The highly anticipated Battle Squad: Age of Tomorrow hit theaters last Friday, breaking box office records and bringing the famed “Battle Squad” children’s toys to life on the big screen for the third time. Fans of the series were upset, however, upon discovering that the last 30 minutes of the 122 minute epic was just the list of the film’s “Digital Artists” during the ending credits.
The producers of Battle Squad: Age of Tomorrow have been defending their decision to put so many people in the post-production team, saying, “People want these beloved childhood heroes to be as lifelike and realistic as possible. If this means hiring 90 or more people to make sure that John Battleman’s nostrils flare up to precisely the right width when the evil Dr. Insanatee threatens to kill his wife Shirley Schwartz, then by God we’re hiring 90 or more people.”
Other fans have been defending the new film, saying that fans shouldn’t get hung up on how short the film was and should instead focus on how this edition of Battle Squad really pulled out all the stops.
“The moment when John Battlman cuts off his own hand to save his daughter’s life before learning that Dr. Insanatee is her real father and the bomb actually went off already was the coolest part of the entire series,” said one internet blogger. “We wouldn’t have been able to see all of that in such detail if it wasn’t for the digital artists.”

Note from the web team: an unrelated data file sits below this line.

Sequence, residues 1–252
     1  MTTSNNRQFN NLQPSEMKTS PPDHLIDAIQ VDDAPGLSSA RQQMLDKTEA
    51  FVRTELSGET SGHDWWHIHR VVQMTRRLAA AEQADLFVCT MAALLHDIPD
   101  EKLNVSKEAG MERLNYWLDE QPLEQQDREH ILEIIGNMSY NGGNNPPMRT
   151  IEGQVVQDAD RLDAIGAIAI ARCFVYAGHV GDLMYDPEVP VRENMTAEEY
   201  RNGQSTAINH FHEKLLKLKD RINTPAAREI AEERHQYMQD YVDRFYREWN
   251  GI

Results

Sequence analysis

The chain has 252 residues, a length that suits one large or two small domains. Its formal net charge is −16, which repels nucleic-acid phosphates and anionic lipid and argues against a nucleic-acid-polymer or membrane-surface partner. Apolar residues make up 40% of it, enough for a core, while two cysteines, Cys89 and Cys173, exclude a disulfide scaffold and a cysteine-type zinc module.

Additionally, a number of digital artists who worked on the movie have come out to defend their positions as well.
“When I went to art school, I never would have thought that my entire industry would be swallowed by the Hollywood machine,” said Amanda Gerscht who worked on the film. “But I’m glad it was. All of the hundreds of fellow art majors who went to my school worked on the film with me, and I’m glad we were able to work together again on an actual Hollywood film, just like we will be forever until every other aspect of filmmaking becomes useless. We are the future. Don’t fight it.”
DISCLAIMER: Circus Killer News is a faux news blog. None of the stories on this site should be taken seriously or literally.